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US ban on China cotton hurting India’s yarn spinning industry


The US ban on textiles originating from the Xinjiang province of China has compounded the problems for India’s cotton yarn spinning industry, with half of the mills becoming idle in the past four to five months.

The Chinese yarn that can’t go to the US is now finding its way into the Indian market at cheaper rates, further reducing demand for expensive domestic Indian cotton yarn that has already been down. Indian cotton has been one of the cheapest in the world till September 2021, when Indian as well as global cotton prices started rising.

In September 2021, prices were around ₹51,000 a candy (of 356 kg). Then it reached around ₹1.1 lakh by April this year. During these seven months, the pace of increase of Indian cotton prices was much faster than that of global cotton, which made Indian yarn uncompetitive.



“We used to export 110-120 million kgs of yarn a month, which came down to 40-45 million kgs a month from June due to high cotton prices. Last month, we imported 4,000 containers of cotton yarn from China, which is around 80 million kgs,” said an executive of a textile company from North India.

India imported $568 million of cotton and cotton products in April-July 2022, more than double the $259 million imports a year earlier. The import of these products from China was $46.6 million.

The domestic industry has been affected adversely.

Lalit Mahajan, senior vice president at Welspun India, said: “Most of the mills have either shut down their spindles or have gone for making substitute fibres like viscose, polyester, etc. Our (India’s) yarn exports in August fell to less than one-third of the normal monthly yarn exports. The export orders for Indian yarn, textile, garments, etc., are very low, while the Indian domestic cotton and yarn prices are still higher by 23% than the New York futures prices,” he said.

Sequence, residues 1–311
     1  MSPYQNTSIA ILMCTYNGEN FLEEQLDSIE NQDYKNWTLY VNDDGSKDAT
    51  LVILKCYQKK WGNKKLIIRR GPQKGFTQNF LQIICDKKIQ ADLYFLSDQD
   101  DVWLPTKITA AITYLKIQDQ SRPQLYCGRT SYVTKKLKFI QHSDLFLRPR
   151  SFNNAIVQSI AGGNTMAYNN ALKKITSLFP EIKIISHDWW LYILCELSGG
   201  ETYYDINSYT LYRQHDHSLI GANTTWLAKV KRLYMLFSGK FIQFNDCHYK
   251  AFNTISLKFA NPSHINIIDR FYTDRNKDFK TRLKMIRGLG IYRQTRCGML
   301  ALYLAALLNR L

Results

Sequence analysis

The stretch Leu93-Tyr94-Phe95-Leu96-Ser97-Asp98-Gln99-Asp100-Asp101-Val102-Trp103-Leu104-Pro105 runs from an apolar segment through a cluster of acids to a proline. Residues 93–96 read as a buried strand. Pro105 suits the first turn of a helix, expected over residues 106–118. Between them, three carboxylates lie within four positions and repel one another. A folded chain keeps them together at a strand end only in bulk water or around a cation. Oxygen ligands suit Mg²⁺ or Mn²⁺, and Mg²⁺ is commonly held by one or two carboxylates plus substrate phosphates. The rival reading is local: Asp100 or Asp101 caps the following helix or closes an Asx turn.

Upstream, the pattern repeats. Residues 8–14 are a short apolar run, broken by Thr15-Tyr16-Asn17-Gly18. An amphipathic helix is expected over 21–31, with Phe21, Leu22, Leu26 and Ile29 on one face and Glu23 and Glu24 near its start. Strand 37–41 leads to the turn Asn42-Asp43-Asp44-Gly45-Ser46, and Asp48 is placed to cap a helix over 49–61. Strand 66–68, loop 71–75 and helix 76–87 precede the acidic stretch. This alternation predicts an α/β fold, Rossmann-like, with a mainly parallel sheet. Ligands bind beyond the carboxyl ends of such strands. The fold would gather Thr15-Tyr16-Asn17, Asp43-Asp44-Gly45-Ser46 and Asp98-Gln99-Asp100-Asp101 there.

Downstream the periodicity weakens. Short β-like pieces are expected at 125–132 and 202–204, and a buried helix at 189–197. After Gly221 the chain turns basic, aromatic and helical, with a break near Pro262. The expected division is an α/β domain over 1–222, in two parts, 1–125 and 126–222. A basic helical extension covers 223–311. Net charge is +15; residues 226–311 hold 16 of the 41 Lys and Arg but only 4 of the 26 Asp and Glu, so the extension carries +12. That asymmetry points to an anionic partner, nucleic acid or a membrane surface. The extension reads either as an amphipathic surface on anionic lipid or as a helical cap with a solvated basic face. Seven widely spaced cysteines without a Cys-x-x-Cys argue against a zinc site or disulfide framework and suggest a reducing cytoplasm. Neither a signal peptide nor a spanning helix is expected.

The industry executive from North India said: “If the cheaper Chinese yarn is coming to India, it is going to be a big problem for Indian spinners. Chinese cotton and yarn have always been costlier by 10-25% than Indian cotton. Normally, no import of cotton yarn used to take place from China.”

Atul Ganatra, president of the Cotton Association of India said about 50% of the spindles had become idle. “The entire spinning industry is depressed due to the unprecedented price fluctuations in cotton that we saw in 2021-22. Exports have fallen by 70%,” Ganatra said.

Indian yarn exported to China and Bangladesh gets converted into fabric and garments and then gets exported to Europe and the US. A fall in garment imports by Europe and the US due to recessionary pressures, in turn, has already cut the demand for Indian yarn from China and Bangladesh. The impact due to the US ban on fabrics from Xinjiang has added to that.

“Indian cotton yarn was always competitive in the world. Now, Chinese cotton yarn has started coming into India due to the issues related to Xinjiang province, speculation on cotton prices in the Indian market and a delay in the removal of import duty on cotton,” said K Selvaraju, secretary general of the South Indian Mills Association.



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